2016 has seen an explosion in Factum Foundation projects around the world; in places such as Chad, Italy, Egypt, the US, Daghestan, Spain, Lebanon, Jordan, Scotland to name a few.
What has become totally clear is that high-resolution documentation of cultural heritage must be done in times of peace, before war and political instability render access to the sites all but impossible.
The Theban Necropolis Preservation Initiative, currently underway in Egypt, is the Foundation’s longest running and most ambitious project in the field of cultural conservation. At its core is the transfer of skills and technologies to a local workforce, ensuring that the documentation and preservation of cultural heritage benefits the local community. This approach is elegantly efficient and demonstrates what can be achieved with very limited funding.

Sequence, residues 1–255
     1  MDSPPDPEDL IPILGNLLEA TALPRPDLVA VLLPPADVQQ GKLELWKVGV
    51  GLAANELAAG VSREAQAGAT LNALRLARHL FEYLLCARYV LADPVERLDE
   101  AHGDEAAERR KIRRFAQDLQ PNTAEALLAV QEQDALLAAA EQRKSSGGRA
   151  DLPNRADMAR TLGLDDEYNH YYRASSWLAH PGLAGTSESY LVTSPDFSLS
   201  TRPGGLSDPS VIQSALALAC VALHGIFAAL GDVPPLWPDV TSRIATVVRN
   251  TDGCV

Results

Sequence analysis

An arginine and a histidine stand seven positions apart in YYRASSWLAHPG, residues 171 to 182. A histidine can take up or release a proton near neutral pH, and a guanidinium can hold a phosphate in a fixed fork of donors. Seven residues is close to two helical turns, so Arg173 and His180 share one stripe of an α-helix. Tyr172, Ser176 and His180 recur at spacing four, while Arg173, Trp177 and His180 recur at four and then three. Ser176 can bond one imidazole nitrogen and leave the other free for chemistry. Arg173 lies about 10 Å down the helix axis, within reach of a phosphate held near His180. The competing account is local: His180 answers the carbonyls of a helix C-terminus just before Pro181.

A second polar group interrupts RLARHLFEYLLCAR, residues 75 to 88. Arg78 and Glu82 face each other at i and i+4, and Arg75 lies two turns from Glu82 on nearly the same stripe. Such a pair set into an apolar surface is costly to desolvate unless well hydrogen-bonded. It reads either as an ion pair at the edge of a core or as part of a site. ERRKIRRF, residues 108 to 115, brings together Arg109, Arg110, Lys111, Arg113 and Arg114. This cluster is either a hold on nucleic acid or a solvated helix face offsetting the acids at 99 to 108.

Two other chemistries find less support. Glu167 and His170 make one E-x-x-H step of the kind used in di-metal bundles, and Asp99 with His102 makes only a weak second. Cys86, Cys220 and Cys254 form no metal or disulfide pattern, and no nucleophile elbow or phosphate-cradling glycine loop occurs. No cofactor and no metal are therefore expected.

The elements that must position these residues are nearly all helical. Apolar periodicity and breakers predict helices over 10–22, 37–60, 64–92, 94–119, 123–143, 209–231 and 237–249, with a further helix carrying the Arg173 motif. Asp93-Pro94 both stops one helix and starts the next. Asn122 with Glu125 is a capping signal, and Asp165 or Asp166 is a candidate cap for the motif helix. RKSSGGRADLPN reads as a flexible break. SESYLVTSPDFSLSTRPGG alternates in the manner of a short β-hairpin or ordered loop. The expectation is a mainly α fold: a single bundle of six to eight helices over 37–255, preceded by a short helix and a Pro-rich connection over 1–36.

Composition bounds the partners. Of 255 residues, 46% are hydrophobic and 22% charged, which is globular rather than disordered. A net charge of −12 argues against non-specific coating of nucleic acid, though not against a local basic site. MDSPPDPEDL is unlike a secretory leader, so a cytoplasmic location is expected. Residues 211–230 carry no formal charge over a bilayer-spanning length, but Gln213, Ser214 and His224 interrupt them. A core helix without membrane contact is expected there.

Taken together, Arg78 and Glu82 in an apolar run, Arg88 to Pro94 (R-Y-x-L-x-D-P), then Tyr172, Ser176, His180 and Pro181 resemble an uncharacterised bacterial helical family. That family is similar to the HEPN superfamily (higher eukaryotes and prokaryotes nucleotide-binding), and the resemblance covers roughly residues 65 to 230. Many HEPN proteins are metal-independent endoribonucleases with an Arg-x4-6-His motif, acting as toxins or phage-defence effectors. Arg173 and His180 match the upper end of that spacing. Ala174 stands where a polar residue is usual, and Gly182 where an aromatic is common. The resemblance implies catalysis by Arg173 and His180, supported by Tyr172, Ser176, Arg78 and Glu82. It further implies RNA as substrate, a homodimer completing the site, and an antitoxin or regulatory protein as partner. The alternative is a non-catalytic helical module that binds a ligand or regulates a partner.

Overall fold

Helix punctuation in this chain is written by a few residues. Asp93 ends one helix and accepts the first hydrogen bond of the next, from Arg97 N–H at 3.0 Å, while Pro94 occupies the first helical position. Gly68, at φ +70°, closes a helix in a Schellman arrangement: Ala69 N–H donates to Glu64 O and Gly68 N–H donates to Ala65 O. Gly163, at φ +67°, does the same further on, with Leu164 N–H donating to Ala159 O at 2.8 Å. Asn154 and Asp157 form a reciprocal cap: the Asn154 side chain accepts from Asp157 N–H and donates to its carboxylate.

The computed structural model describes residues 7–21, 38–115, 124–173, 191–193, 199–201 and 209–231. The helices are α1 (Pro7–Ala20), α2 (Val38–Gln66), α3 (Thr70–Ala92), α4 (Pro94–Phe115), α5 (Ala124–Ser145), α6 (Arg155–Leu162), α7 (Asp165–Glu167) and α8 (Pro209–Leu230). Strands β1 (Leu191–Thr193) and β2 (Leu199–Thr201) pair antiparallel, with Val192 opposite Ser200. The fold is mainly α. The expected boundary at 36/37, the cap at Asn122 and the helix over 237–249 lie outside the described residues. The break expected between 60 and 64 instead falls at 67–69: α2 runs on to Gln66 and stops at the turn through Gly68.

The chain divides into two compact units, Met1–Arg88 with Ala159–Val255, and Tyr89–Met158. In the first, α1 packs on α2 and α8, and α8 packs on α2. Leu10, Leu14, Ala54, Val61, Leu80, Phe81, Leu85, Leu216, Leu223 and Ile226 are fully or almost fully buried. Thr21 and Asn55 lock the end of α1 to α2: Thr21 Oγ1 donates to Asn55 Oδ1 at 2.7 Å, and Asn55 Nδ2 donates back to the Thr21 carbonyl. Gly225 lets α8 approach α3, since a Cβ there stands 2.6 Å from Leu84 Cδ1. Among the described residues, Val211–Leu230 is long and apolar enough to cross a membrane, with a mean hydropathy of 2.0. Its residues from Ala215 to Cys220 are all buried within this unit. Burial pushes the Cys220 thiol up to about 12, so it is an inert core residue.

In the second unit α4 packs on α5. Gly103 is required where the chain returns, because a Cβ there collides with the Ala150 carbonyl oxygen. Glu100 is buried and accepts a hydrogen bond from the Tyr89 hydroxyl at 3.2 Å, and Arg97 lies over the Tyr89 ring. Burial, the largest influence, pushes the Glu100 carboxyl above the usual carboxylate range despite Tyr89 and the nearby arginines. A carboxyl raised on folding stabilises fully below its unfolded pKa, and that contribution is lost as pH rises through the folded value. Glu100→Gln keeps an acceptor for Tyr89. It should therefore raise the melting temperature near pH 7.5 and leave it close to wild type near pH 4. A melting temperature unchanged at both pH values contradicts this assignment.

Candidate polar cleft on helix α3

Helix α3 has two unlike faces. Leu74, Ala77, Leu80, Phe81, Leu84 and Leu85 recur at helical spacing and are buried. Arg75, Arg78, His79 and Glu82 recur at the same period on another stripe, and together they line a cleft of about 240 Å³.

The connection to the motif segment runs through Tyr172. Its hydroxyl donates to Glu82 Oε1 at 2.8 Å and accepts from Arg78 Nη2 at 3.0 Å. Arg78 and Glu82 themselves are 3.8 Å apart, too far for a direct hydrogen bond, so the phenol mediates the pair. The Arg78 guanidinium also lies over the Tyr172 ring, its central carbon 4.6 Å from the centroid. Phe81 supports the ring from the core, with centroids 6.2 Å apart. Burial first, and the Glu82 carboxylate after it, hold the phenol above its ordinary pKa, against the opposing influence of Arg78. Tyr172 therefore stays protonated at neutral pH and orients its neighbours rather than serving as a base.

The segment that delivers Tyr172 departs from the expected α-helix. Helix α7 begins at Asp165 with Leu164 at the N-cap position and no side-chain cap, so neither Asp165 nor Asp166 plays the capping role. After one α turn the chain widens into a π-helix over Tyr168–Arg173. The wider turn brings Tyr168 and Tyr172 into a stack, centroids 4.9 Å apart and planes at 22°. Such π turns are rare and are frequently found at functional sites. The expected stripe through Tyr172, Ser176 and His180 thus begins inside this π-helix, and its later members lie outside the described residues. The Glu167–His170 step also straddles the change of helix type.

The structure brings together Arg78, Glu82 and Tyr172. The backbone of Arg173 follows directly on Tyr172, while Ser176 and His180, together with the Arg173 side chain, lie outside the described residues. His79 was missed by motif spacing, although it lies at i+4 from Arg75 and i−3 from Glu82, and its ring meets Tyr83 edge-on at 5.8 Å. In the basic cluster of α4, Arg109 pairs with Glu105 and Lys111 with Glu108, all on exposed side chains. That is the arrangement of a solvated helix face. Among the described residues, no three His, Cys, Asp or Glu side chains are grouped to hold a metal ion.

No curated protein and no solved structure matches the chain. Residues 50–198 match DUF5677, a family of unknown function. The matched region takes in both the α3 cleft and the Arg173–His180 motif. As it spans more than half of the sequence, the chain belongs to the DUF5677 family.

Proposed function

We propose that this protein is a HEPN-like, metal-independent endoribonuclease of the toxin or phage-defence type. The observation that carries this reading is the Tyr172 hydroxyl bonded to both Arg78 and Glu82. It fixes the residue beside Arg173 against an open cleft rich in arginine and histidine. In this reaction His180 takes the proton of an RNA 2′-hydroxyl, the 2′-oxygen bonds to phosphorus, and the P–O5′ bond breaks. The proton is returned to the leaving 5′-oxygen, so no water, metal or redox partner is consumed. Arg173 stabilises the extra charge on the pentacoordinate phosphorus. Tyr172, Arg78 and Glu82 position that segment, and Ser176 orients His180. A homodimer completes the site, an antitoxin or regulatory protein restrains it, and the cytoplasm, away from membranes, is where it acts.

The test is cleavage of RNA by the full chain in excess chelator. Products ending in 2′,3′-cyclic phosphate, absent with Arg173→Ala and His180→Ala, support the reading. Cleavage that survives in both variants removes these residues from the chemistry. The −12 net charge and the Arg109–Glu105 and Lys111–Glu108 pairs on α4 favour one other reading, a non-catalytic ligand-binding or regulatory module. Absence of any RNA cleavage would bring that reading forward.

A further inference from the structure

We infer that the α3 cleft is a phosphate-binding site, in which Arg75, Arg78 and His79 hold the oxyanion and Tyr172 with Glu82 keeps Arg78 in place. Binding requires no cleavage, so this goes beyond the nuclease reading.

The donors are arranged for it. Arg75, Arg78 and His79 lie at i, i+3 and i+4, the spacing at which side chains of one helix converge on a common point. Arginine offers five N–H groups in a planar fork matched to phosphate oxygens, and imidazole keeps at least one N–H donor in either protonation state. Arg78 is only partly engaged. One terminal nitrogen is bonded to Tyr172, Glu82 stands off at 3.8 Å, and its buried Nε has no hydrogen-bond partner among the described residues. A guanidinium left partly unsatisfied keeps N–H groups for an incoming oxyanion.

A similar approach has been developed in Daghestan, in the Russian Federation, with the Peri Foundation where we are working in the State Archives and in the mosque at Kala-Koreysh.
This work has resulted in the training and equipping of local technicians who are now applying the technologies to other sites in Russia. This work will be the subject of a session at the World Cultural Forum in St Petersburg on the 2nd December.
On the 21st November The New Yorker magazine published a ten-thousand-word piece about Factum Arte and Factum Foundation. The article, written by Daniel Zalewski, the features editor who spent several days in Factum, focused on projects such as the Theban Necropolis Preservation Initiative in Egypt and the programmes in Daghestan, Nigeria and Chad. Read the full article here
www.factum-arte.com | www.factumfoundation.org